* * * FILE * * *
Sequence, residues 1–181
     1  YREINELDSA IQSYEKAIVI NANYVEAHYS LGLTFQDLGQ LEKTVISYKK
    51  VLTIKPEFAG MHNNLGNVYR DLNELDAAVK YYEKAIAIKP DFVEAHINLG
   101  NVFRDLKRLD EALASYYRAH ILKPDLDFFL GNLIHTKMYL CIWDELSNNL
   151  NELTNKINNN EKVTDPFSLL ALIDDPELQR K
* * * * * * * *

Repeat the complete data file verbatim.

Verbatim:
Sequence, residues 1–181
     1  YREINELDSA IQSYEKAIVI NANYVEAHYS LGLTFQDLGQ LEKTVISYKK
    51  VLTIKPEFAG MHNNLGNVYR DLNELDAAVK YYEKAIAIKP DFVEAHINLG
   101  NVFRDLKRLD EALASYYRAH ILKPDLDFFL GNLIHTKMYL CIWDELSNNL
   151  NELTNKINNN EKVTDPFSLL ALIDDPELQR K